Chicago personal injury attorney Peter Higgins helps redefine how a “trail” will be considered in the future by Illinois courts in a case where his client was injured on a bicycle trail. The case thus has significant potential benefit for persons- cyclists, runners, walkers and skaters- injured on damaged bike paths.

Personal injury trial lawyer Peter Higgins successfully handled an appeal (Case No. 121536) before the Illinois Supreme Court that established the law on what constitutes a bicycle trail throughout Illinois. The case stems from an incident in which Higgins’ client, Kathy Corbett, was riding her bike on the Skokie Valley Bike Path in Highland Park, Illinois and was thrown off her bike while riding over an allegedly defective portion of the bicycle trail, of which the defendants allegedly had prior knowledge of, and sustained severe injuries.

Court documents state that the plaintiff alleged her injuries were proximately caused by the willful and wanton acts or omissions of the defendant, the City of Highland Park, who was under a contract to maintain the trail in a safe condition. Court documents further state that the City filed a Motion for Summary Judgment, citing a section of the Illinois Tort Immunity Act that states that municipalities are absolutely immune from liability for injuries occurring on “riding trails,” which was granted by the trial court.

Due to the trial court’s decision, attorney for the plaintiff Higgins successfully appealed the case before the Illinois Appellate Court, and the City of Highland Park appealed to the Illinois Supreme Court, again seeking to have the case dismissed. However, the Illinois Supreme Court affirmed the Appellate Court’s decision, allowing the plaintiff to continue with her case.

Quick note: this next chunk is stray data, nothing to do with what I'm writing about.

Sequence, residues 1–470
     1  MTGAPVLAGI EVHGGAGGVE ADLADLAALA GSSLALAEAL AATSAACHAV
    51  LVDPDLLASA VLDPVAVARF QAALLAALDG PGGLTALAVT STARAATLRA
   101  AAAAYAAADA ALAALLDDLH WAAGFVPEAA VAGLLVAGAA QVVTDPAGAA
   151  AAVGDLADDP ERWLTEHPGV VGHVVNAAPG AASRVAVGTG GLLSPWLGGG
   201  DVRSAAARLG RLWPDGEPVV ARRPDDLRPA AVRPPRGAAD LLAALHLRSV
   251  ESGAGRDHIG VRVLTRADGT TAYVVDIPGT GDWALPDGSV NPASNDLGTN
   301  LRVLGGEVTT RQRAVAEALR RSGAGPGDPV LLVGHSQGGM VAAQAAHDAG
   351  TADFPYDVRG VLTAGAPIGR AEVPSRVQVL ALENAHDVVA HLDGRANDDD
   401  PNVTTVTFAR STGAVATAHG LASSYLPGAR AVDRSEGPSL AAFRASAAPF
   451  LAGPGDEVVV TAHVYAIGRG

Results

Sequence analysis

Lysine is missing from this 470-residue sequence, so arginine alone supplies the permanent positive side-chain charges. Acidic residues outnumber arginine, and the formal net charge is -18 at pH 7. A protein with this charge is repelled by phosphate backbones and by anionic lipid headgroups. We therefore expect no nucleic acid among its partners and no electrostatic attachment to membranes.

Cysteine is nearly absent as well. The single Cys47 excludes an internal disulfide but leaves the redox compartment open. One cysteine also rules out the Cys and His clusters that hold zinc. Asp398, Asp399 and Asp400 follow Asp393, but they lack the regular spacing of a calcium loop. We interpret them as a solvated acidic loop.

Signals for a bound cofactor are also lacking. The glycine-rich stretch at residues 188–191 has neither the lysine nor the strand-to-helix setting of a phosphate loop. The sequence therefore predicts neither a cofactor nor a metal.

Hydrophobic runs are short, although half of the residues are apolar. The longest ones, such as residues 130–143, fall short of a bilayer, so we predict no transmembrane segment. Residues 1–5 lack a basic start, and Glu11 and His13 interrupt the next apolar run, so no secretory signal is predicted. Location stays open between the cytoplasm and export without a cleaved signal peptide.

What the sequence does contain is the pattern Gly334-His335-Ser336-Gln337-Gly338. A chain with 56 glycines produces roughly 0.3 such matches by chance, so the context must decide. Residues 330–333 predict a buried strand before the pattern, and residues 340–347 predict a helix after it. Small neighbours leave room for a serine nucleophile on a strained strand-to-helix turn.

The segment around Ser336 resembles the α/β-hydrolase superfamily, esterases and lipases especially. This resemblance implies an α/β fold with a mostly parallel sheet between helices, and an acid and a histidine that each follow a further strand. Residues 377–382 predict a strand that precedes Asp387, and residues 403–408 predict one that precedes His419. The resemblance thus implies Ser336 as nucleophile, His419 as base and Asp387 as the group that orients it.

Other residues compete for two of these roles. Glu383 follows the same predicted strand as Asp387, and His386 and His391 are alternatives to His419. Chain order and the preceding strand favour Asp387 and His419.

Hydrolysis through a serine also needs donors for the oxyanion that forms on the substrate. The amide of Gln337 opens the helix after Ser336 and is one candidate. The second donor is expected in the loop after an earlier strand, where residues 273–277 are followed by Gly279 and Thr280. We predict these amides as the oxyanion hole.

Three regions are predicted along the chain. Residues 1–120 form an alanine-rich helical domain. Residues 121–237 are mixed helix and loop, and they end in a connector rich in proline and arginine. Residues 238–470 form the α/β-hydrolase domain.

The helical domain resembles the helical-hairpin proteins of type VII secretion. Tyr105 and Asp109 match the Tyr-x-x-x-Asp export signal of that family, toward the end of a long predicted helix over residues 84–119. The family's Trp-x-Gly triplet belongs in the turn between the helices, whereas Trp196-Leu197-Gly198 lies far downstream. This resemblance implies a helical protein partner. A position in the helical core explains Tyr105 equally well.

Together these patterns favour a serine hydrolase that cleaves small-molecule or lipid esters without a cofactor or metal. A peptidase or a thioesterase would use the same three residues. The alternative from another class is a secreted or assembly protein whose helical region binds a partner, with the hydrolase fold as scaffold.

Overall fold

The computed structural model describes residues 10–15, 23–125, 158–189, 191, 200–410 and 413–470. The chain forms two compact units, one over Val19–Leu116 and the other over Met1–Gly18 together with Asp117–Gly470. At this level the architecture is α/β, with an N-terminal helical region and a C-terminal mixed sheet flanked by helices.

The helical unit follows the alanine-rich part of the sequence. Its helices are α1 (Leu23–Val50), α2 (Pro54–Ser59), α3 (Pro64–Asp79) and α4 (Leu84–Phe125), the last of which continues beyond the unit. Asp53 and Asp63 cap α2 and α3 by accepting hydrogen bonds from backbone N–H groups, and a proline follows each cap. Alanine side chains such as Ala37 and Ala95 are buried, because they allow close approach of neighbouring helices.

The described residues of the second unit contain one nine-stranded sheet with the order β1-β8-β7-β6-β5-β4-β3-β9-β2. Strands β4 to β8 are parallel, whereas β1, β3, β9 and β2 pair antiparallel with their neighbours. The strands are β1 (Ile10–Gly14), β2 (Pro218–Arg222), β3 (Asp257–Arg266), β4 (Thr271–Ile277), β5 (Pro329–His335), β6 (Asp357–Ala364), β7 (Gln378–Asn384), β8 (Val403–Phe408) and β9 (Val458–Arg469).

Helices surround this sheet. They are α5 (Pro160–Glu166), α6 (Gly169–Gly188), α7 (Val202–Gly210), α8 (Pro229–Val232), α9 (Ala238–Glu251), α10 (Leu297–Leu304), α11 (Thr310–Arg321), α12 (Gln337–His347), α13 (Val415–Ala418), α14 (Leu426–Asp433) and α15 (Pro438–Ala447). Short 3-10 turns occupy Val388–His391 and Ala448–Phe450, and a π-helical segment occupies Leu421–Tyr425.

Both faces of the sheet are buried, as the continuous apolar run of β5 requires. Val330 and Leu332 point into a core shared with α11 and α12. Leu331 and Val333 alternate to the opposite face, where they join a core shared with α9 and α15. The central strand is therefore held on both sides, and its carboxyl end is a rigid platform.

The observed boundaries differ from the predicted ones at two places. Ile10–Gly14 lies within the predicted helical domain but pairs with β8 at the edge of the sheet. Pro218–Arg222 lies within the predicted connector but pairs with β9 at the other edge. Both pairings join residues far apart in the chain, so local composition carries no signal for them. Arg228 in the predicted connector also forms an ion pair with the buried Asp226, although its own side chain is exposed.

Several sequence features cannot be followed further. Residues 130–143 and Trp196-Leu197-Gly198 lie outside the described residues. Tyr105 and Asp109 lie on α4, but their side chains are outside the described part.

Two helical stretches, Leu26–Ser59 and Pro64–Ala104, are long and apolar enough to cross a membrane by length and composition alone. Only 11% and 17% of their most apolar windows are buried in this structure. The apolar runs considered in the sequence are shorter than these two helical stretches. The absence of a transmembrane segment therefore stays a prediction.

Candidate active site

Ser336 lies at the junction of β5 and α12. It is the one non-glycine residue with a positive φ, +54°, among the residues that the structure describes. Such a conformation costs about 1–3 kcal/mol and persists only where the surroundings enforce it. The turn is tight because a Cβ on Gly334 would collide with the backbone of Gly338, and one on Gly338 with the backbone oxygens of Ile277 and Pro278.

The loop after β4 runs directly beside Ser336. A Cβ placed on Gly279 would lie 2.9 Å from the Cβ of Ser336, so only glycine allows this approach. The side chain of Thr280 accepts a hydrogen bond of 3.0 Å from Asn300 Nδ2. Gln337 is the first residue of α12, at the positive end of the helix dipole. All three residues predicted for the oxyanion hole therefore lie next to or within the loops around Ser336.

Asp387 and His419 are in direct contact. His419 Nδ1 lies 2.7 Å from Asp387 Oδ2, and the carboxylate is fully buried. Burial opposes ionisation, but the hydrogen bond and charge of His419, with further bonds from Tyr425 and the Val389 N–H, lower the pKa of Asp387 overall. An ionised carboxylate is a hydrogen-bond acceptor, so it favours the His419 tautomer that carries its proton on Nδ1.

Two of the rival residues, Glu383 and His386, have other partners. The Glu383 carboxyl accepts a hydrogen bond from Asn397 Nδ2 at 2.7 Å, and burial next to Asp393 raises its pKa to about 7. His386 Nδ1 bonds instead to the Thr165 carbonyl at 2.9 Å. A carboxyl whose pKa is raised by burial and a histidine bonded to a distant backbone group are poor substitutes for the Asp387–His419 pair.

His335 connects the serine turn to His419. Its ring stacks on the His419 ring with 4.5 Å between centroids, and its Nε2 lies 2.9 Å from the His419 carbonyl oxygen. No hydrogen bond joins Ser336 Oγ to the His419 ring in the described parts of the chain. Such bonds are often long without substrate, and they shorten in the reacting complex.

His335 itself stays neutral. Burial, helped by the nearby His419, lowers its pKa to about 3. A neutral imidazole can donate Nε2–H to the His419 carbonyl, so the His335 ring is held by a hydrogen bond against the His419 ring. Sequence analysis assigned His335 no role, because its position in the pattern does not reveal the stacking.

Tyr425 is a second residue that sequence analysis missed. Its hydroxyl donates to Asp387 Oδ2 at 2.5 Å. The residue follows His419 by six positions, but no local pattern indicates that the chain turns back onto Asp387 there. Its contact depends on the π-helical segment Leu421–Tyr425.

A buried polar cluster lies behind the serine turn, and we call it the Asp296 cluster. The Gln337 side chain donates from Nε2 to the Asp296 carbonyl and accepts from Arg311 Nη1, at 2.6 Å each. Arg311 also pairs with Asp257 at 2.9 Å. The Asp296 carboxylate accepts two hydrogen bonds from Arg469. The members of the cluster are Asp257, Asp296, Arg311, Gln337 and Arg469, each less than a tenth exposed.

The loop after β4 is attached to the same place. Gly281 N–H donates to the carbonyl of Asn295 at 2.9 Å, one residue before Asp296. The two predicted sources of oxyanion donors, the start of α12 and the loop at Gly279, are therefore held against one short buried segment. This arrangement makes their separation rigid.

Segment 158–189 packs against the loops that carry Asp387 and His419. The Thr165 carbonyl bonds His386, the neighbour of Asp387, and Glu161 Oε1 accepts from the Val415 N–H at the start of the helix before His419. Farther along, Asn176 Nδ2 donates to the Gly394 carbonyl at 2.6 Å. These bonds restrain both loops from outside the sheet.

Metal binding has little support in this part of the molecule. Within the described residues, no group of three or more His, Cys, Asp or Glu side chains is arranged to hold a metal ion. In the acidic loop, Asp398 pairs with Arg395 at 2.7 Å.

The Supreme Court determined that the path was not a “riding trail” as contemplated by Section 3-107 (b) of the Illinois Tort Immunity Act and that the City of Highland Park was not to be afforded absolute immunity. The Supreme Court went on to clarify which trails were covered by the Act and which were not. The trails that are covered and provide municipalities with absolute immunity from lawsuits include “any designated hiking, riding, fishing or hunting trail that retains its original, natural surface and is not improved with asphalt, concrete, crushed aggregate or similar finishes and which is not intended for ordinary ‘on-road’ type bicycles, bicyclists pulling children in trailers, pedestrians pushing strollers or similar forms of transportation.” The trails that are not covered are shared-use paths, paved with asphalt and held out for use by bicyclists, pedestrians and in-line skaters.

“Lipkin & Higgins went the extra mile to pursue a technicality so that the case might remain alive,” said Higgins. “We pursued this case all the way to the Illinois Supreme Court for the exclusive purpose of protecting the right of our client to make her case. This is not only a great result for our client but it’s a great result for anyone who uses these types of trails in Illinois, because it forces the municipalities to maintain their trails in a safe condition.”

Read More: "Supreme Court Blazes New Trail for Cyclists; Narrows Scope of Immunity Under Section 3-107(b)" featured in Trial Journal